Archive for corporategovernance SmartBlogs

Where a business is headquartered can make a huge difference in the skill level of your employees, in raising capital and attracting customers — as well as have a significant impact on your bottom line. Depending on the type of business and its target market, some factors should hold more weight than others.

Corporate taxes

Corporate and personal taxes, for example, can vary greatly by state.[…] Continue Reading »

In my last post, I discussed some of the ways that companies contemplating an initial public offering or a possible acquisition by a larger firm (so-called “pre-IPO/pre-acquisition companies”) can use strong corporate governance practices, particularly readiness to comply with the Sarbanes-Oxley Act of 2002, as a means of demonstrating additional value to potential investors or acquisition suitors.[…] Continue Reading »

The primary focus of the well-publicized and sweeping corporate governance reforms adopted over the last decade, such as the Sarbanes-Oxley Act of 2002 (“SOX”) has been public companies, but elective compliance with certain provisions of SOX by privately held companies can provide significant advantages.

In fact, many private companies are discovering that they can actually enhance the value of their businesses and improve operational procedures through changes in areas such as internal controls, board composition (e.g., independent directors), audit committees, and development and implementation of codes of business conduct and ethics.[…] Continue Reading »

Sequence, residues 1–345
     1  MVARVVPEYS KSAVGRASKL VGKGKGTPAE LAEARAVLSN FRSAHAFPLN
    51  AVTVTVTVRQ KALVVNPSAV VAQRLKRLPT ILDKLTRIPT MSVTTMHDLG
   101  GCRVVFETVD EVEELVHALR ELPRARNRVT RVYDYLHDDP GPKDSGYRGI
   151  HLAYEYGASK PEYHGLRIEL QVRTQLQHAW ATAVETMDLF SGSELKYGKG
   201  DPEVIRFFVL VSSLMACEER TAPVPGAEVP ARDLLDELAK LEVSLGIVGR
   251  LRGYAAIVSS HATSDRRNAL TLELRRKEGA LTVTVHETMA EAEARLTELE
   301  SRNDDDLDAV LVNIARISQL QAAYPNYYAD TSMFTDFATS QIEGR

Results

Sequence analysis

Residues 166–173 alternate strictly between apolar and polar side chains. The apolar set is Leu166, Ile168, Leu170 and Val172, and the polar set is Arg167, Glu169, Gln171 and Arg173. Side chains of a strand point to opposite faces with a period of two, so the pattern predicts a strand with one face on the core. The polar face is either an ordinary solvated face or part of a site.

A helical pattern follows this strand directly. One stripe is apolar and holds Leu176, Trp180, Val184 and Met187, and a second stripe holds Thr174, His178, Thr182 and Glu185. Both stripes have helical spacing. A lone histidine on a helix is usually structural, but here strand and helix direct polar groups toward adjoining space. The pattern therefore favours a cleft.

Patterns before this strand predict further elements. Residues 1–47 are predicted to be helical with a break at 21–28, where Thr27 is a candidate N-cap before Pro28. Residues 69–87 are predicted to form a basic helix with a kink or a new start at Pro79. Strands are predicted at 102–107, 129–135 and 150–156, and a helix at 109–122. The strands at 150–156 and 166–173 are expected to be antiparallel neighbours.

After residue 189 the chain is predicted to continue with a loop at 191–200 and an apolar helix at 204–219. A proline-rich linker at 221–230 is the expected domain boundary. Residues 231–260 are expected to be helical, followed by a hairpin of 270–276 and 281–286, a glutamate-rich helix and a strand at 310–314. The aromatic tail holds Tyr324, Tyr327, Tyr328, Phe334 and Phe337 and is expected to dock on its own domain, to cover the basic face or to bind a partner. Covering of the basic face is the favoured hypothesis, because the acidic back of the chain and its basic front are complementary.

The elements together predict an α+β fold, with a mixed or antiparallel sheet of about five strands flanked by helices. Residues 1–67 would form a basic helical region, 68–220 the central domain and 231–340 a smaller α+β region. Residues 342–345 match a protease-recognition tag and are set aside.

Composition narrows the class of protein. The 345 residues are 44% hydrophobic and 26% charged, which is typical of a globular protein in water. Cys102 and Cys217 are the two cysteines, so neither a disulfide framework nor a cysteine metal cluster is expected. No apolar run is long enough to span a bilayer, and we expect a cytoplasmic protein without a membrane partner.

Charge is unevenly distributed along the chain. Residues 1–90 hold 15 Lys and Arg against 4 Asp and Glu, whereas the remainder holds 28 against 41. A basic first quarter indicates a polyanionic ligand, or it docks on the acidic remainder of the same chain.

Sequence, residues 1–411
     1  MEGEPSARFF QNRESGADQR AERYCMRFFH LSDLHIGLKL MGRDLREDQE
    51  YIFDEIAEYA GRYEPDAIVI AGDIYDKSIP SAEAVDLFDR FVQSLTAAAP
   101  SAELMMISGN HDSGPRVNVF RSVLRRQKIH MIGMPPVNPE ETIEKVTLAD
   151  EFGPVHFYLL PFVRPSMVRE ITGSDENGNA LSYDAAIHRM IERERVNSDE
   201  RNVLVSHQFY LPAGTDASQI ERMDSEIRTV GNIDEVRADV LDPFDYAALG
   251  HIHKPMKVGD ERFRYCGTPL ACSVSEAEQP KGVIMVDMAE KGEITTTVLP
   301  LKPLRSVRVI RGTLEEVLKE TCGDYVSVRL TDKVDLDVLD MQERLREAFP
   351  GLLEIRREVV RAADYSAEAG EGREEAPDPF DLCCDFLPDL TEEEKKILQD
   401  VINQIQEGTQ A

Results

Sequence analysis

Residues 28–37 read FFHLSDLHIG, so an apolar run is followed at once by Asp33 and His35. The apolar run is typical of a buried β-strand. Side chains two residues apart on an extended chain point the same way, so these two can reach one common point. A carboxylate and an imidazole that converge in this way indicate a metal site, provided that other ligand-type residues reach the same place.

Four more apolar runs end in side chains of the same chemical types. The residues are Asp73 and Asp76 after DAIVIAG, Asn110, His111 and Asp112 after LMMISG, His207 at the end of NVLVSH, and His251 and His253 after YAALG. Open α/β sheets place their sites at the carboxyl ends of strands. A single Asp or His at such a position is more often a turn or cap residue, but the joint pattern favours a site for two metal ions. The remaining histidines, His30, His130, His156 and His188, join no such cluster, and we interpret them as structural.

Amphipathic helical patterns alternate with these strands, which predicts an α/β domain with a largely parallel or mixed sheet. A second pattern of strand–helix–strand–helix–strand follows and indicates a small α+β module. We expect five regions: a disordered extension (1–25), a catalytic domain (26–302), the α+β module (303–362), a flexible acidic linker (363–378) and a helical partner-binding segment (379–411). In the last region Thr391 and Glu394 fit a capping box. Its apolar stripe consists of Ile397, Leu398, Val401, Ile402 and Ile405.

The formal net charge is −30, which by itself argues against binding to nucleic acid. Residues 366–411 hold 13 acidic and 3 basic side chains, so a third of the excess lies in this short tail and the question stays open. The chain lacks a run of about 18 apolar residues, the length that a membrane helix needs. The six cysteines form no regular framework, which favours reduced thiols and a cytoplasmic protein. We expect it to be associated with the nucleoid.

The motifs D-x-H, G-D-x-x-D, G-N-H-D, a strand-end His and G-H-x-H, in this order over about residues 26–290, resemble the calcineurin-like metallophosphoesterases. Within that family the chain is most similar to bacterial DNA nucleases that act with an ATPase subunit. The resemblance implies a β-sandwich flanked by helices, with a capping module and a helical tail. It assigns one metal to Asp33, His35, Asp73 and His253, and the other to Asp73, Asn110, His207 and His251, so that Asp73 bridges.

Virtually every aspect of corporate America has been affected by the adoption of new technology. Social networks and collaboration technologies are revolutionizing and changing the way companies are run, products are made, information is shared and the way employees are recruited.

There is one aspect of nonprofit, private and public companies, however, that has made little or no progress when it comes to innovation — the way corporate boards are recruited and managed.[…] Continue Reading »